5 Bases: 1) Strong bases are treated like strong acids. They completely dissociate in aqueous solution. The major species in solution will be the cation (conjugate acid, the hydroxide ion and water. The strong base will be the predominant source of hydroxide. The autoionization of water can be ignored. The concentration of hydroxide ion will be equal to the concentration of the strong base, when the metal ion is a Group I. Remember that hydroxides of Group II metals will yield two moles of hydroxide per mole of base. 2) Weak bases do not yield a hydroxide directly but undergo an acid base reaction with water to generate the hydroxide ion. This is the base ionization reaction. Water acts as an acid here. B(aq) + H 2 O(l) BH + (aq) + OH - (aq) (Ex. of neutral base like the nitrogen containing compounds) B - (aq) + H 2 O(l) BH(aq) + OH - (aq) (Ex. of anion base like CN - ) a) The equilibrium for the reaction is equal to K b, the base ionization constant. K b = [BH + ][OH - ]/[B] for the first example. b) As with weak acids, where K a is usually small, the K b values are also small. As with weak acids, where the larger K a indicates a stronger acid, a larger K b indicates a stronger base. c) To determine the ph of a weak base solution, follow the steps as you did for weak acid solutions. Remember that in these problems, x will be equal to the hydroxide concentration, not the proton concentration. To avoid silly mistakes, be sure to write down the chemical reaction of interest. Be sure to use the base ionization reaction for bases. Polyprotic Acids: 1) These acids have more than one acidic hydrogen. The hydrogens are released as protons, one at a time. 2) Each dissociation has its own K a value. 3) Since the K a values are usually quite different in magnitude, it will usually be the case, that all molecules will lose the first proton, before any lose a second proton. 4) The K a value for dissociation of the first proton will be larger than the second K a and the second larger than the third K a if there is one. 5) Since the K a values differ significantly, determining the ph of a polyprotic acid can be similar to that of a mix of two weak acids and only the dominant reaction will establish the ph. 6) The concentration of all species of acid can be determined. 7) Sulfuric acid is unique because the dissociation of the first proton is a strong acid, while the second is from a weak acid. The ph of the solution will be established by the first dissociation but the second equilibrium can be used to determine the concentration of SO Acid-Base Properties of Salts: 1) There is a relationship between the base ionization constant and the acid ionization constant. Consider the acid HA and its conjugate base A -. acid ionization: HA + H 2 O A - + H 3 O + equilibrium constant = K a base ionization: A - + H 2 O HA + OH - equilibrium constant = K b 2) The reactions can be added. When reactions are added together the equilibrium constants are multiplied. Thus the equilibrium constant for the net reaction is K a x K b. 3) The net reaction is 2 H 2 O OH - + H 3 O +. You should recognize this as the autoionization of water and the equilibrium constant for this is K w. 4) Thus, K a x K b = K w = 1 x and pk a + pk b = 14 General statements regarding the capacity of ions that are in salts to affect the ph 1) Cations from a strong base (group I and group II metals) will not affect the ph of the solution. 2) Anions from strong acids (conjugate bases) will not affect the ph of the solution. Thus, salts such as KCl, CaBr 2, NaClO 4, or Sr(NO 3 ) 2 will not change the ph.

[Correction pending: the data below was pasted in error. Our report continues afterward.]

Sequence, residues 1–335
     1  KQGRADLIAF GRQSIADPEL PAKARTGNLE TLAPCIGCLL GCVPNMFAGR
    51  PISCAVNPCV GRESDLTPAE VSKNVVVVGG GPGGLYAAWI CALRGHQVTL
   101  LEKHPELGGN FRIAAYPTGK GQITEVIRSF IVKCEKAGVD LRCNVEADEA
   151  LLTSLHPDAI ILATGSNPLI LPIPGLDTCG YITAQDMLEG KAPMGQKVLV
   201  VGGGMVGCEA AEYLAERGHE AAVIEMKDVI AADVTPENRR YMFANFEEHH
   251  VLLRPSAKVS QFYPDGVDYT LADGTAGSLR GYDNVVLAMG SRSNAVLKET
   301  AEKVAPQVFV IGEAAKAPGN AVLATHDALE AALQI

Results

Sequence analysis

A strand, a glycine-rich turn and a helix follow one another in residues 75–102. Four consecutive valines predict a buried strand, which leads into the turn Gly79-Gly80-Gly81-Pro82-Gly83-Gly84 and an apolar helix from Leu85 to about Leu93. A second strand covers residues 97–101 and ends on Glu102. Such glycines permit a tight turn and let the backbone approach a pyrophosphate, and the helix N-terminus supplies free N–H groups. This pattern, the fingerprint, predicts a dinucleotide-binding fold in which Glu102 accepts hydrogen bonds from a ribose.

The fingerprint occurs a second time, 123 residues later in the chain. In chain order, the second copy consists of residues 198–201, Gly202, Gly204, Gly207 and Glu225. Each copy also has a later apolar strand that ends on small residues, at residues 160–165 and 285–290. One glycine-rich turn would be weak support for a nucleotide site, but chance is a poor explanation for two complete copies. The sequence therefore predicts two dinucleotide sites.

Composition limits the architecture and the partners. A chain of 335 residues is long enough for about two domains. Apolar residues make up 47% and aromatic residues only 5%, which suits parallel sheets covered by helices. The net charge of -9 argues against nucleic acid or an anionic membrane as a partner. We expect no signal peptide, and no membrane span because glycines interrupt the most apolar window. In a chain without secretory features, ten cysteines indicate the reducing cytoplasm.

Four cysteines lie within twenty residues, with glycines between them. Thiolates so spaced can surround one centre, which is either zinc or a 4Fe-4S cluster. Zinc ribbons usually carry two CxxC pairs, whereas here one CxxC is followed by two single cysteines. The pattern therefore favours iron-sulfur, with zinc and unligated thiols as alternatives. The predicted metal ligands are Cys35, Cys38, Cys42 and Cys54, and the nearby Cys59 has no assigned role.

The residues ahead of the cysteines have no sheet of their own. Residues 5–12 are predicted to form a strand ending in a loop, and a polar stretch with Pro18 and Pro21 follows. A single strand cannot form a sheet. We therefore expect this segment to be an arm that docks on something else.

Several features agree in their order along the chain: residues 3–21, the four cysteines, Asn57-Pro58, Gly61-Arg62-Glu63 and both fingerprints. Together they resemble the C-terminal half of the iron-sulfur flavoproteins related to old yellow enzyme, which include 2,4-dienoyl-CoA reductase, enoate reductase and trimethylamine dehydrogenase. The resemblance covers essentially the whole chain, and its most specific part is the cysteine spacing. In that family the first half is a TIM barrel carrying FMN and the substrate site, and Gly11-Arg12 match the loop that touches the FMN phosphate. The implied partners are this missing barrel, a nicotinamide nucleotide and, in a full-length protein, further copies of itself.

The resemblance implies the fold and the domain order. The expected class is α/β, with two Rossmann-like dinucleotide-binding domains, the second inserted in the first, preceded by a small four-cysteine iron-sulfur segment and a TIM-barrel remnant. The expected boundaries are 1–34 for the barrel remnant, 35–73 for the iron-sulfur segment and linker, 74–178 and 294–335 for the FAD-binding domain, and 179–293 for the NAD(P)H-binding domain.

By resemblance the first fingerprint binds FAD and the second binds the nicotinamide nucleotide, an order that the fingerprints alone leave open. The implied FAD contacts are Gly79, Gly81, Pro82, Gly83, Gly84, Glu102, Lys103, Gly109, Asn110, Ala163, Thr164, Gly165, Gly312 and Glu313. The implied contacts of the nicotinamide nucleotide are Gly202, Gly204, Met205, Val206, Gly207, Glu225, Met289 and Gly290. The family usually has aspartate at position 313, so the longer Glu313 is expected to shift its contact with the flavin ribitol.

6 3) Anions from weak acids (conjugate bases). Being conjugate bases of weak acids, these have a significant affinity for protons and will undergo base ionization. In base ionization, a hydroxide is formed and anions of this type produce basic solutions. Salts of this type would contain a cation from 1 above, such as KNO 2, NaCN, RbF. The reaction of interest would be: NO 2 - (aq) + H 2 O(l) HNO 2 (aq) + OH - (aq) 4) Cations from weak bases (conjugate acids) These are acids and will undergo acid ionization. Many of these are nitrogen containing molecules. Salts of this type would include an anion from 2 above, such as NH 4 Br. The important part of solving this type of problem is being able to identify if you have a conjugate base or a conjugate acid. Once you can do that, treat the problem as a weak acid problem or a weak base problem. Be sure to use the appropriate ionization (acid or base). Be sure to use the corresponding equilibrium constant, K a if an acid or K b if a base. Note, that you will usually be given the K a or K b for the parent acid or base. In these problems you are dealing with conjugate bases and conjugate acids so you will have to use K a x K b = K w to get the appropriate value. 5) If a salt contains an anion, conjugate base, from a weak acid AND a cation, conjugate acid, from a weak base, both will have the capacity to undergo ionization reactions. Compare the K b for the base present and the K a for the acid present. If the K b is larger than the K a, the solution will be basic. If K a is larger than the K b the solution will be acidic. If the ionization constants are nearly equal, the solution will have a ph of near 7. Examine ) A salt containing a highly charged metal will be acidic. The metal pulls on the electrons on the water oxygen, thus weakening the hydrogen oxygen bond and the hydrogen is released. Be able to predict whether dissolving a salt in water will give an acidic, basic, or neutral solution. Be able to calculate the ph of a salt solution. The Effect of Structure on Acid-Base Properties: Without knowing the actual pk a values, the relative strength of acids can be predicted based on structure. Consider: HA + H 2 O A - + H 3 O + 1) Acid ionization involves breaking the bond between H and the A. The weaker the bond, the stronger the acid. 2) When the hydrogen leaves as a proton, it leaves the electrons of the bond behind, thus the more electronegative A is, the stronger the acid. When comparing acid strength across a period, factor two is more important. If you compare HF, H 2 O, and NH 3, the electronegativities are F = 4.0, O = 3.5, and N = 3.0. We would predict that HF is the strongest acid. When comparing acid strength down a group, factor one is more important. Acid strength will increase as you go down a group. Why is this? Atomic radii increases down a group. The further apart two atoms are, the weaker the bond, the weaker the bond, the stronger the acid. Thus, as you compare, H 2 O, H 2 S, H 2 Se, and H 2 Te, the weakest bond is H 2 Te, which will be the strongest acid. 3) Electronegativity is important in relative strength of oxyacids. Addition of electronegative groups (halogens or oxygens) onto the central atom will make the acid stronger. Addition of electron repelling groups, such as CH 3 or CH 3 CH 2 will make the acid weaker. CH 3 CH 2 is more repelling than CH 3 which is more repelling than H. Compare: H-O-H and Cl-O-H Cl is more electronegative so the second is a stronger acid Compare: HCOOH and CH 3 COOH CH 3 is more repelling than H so the first is a stronger acid Compare: CH 3 COOH, CH 2 BrCOOH CH 2 Br will be more electronegative than CH 3 sp the second is a stronger acid Compare: O-Cl-OH, O 2 -Cl-OH, O 3 -Cl-OH The third has more electronegative ions so is the strongest acid. 4) What about bases? Since a base has to share electrons, the stronger base will have less electronegative groups or electron repelling groups. CH 3 NH 2 is a better base than NH 3 since CH 3 is more repelling than H. 4) Highly charged metals pull on oxygen and result in an acidic solution. The more charged the metal, the stronger the acid.

7 Given a group of related compounds, be able to predict which is the strongest or weakest acid. Acid-Base Properties of Oxides: This was covered in an earlier quarter. The oxides of metals usually form bases, and the oxides of non-metals usually form acids. The exception to this is for highly charges metals. They will usually form acids. Be able to predict if a solution would be acidic or basic upon the dissolution of an oxide. The Lewis Acid-Base Model: A Lewis acid is an electron pair acceptor. A Lewis base is an electron pair donor. If given a reaction, be able to identify the acid or the base or predict if a compound would act as a Lewis acid or base.